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China set to distort Korean history via completion of project

China set to distort Korean history via completion of project

Posted January. 12, 2012 01:49,   


This year marks the 20th anniversary of diplomatic relations between South Korea and China. Beijing, however, has reignited the dispute over the Northeast Historical Project of China by airing the documentary “Mount Changbai (Mount Baekdu in Korean)” on the state-run broadcaster CCTV.

The documentary says the ancient Korean kingdom of Balhae was a military government organization as well as a provincial government of China’s ancient Tang Dynasty. In the Sino-South Korean summit in April 2007, the two countries agreed to prevent ancient history issues from becoming a stumbling block in the development of bilateral relations. Despite this agreement, China is getting on South Korea`s nerves with a sensitive historical issue involving the two countries at a diplomatically sensitive time. What is Beijing`s intent?

South Korean historians are keenly aware that China will complete a 10-year project to write the history of its ancient Qing Dynasty this year to mark the centennial anniversary of the dynasty`s collapse. The government-led project is to compile China`s official history by restoring the history of Qing, the last ancient kingdom of China.

Cho Beop-jong, a history professor at South Korea`s Woosuk University, said, “From China’s point of view, the integration of Korea`s ancient kingdoms such as Goguryeo and Balhae into its history can naturally complete China`s history that encompasses not only Qing but also the Yeojin and Manchu tribes,” adding, “The Mount Changbai Culture Project that China is pursuing as a follow-up to its distortion of Goguryeo history is to stress that the history including all of Manchuria, which is symbolized by Mount Baekdu, is part of Chinese history.” In his regard, South Korean historians warn that history distortion projects that China has long implemented will produce results this year.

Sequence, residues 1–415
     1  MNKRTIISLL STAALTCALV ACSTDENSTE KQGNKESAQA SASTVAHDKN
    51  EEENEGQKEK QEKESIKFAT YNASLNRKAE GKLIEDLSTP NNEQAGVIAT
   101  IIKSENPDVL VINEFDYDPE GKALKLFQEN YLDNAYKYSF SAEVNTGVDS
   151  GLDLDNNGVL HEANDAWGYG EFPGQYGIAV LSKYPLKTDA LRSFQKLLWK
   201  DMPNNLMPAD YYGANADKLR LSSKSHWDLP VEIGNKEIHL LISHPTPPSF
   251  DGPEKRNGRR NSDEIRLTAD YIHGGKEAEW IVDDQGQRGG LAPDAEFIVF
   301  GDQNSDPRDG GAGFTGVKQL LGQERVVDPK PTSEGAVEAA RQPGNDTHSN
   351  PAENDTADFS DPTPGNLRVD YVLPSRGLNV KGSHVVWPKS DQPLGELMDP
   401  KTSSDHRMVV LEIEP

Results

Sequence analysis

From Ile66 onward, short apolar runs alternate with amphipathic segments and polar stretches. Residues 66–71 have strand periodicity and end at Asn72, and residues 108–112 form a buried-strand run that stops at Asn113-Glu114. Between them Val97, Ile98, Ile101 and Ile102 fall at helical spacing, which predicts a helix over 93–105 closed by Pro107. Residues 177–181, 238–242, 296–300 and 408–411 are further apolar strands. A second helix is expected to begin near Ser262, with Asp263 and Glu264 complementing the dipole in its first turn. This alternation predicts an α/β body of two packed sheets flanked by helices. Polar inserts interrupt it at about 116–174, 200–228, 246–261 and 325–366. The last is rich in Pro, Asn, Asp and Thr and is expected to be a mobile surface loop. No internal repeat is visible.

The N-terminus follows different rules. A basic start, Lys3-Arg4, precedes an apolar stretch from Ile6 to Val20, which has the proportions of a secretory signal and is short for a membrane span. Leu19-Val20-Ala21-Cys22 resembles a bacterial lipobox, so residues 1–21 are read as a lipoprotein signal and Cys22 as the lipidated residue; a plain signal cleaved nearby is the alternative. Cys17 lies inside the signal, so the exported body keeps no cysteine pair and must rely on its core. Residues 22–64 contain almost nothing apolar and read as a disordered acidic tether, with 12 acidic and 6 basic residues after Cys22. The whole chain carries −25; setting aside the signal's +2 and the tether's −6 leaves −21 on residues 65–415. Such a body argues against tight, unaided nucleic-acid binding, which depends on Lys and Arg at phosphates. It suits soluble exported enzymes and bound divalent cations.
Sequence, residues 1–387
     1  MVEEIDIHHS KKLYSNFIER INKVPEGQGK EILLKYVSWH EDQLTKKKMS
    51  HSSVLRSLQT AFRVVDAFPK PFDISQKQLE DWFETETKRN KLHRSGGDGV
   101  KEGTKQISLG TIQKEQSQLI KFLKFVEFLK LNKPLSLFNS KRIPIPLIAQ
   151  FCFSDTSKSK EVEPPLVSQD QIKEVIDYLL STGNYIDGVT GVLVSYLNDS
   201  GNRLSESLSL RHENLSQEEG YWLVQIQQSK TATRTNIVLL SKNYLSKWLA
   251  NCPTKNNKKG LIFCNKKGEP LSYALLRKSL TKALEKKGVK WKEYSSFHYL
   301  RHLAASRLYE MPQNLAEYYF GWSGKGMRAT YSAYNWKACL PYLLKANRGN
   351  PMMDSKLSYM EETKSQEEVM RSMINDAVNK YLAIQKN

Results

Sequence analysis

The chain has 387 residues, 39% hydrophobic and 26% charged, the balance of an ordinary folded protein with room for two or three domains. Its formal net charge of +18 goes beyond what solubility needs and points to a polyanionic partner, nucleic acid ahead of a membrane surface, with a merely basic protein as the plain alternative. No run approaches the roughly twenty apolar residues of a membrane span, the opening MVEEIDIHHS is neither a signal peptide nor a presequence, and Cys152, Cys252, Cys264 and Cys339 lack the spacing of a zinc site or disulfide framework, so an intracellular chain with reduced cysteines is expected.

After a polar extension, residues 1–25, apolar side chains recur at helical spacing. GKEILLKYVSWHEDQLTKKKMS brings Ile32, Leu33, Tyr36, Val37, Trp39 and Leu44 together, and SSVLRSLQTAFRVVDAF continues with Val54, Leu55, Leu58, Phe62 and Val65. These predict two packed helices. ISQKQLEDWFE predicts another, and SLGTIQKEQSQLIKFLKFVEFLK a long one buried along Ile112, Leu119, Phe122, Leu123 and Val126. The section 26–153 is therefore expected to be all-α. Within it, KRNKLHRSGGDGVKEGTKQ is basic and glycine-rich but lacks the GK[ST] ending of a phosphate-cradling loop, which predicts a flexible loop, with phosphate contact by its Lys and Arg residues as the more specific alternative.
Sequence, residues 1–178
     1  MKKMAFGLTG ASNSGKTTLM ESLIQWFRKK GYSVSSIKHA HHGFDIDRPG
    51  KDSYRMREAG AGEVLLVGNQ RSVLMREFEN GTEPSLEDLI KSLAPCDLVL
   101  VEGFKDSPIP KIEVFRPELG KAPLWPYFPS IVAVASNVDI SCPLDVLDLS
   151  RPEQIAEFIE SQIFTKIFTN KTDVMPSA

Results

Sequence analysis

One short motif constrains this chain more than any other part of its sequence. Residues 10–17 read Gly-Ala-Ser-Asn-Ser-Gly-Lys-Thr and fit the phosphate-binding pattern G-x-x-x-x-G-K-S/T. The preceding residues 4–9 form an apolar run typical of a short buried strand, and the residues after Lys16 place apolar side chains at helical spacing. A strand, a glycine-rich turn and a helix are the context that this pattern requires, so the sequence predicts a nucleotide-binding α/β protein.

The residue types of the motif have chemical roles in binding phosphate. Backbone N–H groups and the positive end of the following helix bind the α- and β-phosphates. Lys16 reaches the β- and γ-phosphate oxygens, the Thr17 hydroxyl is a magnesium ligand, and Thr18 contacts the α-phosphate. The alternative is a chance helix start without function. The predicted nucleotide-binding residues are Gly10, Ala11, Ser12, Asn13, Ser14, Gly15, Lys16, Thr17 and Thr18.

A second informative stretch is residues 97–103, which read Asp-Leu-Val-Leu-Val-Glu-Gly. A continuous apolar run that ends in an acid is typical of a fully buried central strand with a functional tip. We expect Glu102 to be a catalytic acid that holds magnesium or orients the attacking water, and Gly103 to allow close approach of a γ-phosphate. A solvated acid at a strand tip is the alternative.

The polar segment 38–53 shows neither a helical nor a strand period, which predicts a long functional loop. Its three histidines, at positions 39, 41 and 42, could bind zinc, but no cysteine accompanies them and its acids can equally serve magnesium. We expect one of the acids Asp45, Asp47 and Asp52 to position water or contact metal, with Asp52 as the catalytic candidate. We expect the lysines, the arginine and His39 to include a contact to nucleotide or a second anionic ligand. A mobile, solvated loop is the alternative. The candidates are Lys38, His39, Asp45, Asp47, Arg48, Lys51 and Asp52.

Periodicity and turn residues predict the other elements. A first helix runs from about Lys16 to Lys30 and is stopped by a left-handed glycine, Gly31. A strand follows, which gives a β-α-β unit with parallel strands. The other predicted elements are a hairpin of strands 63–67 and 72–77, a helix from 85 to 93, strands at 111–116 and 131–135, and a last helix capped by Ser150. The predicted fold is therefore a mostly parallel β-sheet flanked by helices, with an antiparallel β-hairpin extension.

This year also marks the 300th anniversary of the erection of a Baekdu memorial stone marking the border between China and Korea, which has long been a source of a territorial dispute. When territorial disputes continued between Joseon and Qing residents 300 years ago, the stone was erected to set the Yalu River as the western border and the Tomun River as the eastern border. Disputes erupted over whether the Tomun River equals the Tuman River or is an estuary of the Songhua River, however. In South Korea, scholars are preparing to shed new light on Goguryeo to mark the 1,600th anniversary of the death of the Korean ancient kingdom`s King Gwanggaeto by holding symposiums.

As such, South Korea and China will lock horns against each other over major historical issues. In addition, geopolitics is rapidly changing in Northeast Asia in the wake of the death of North Korean leader Kim Jong Il. By taking advantage of all of this, China seems to achieve internal integration through projects to distort history. Jeon In-gap, a Chinese history professor at the University of Incheon, said, “In the process of expanding its military, political and economic influences, China apparently seeks to make internal integration that encompasses minority ethnic groups by showing its people and the world that it has the soft power of robust history.”

Unlike China, which has undertaken history projects through government support in a calm and orderly manner, South Korea has responded passively whenever a history distortion broke out, experts say. Yoo Yong-tae, a history professor at Seoul National University, said, “(Historical issues) cannot be resolved through oral agreements between the Korean and Chinese governments. Concrete evidence is needed to ward off China`s attempt to distort history."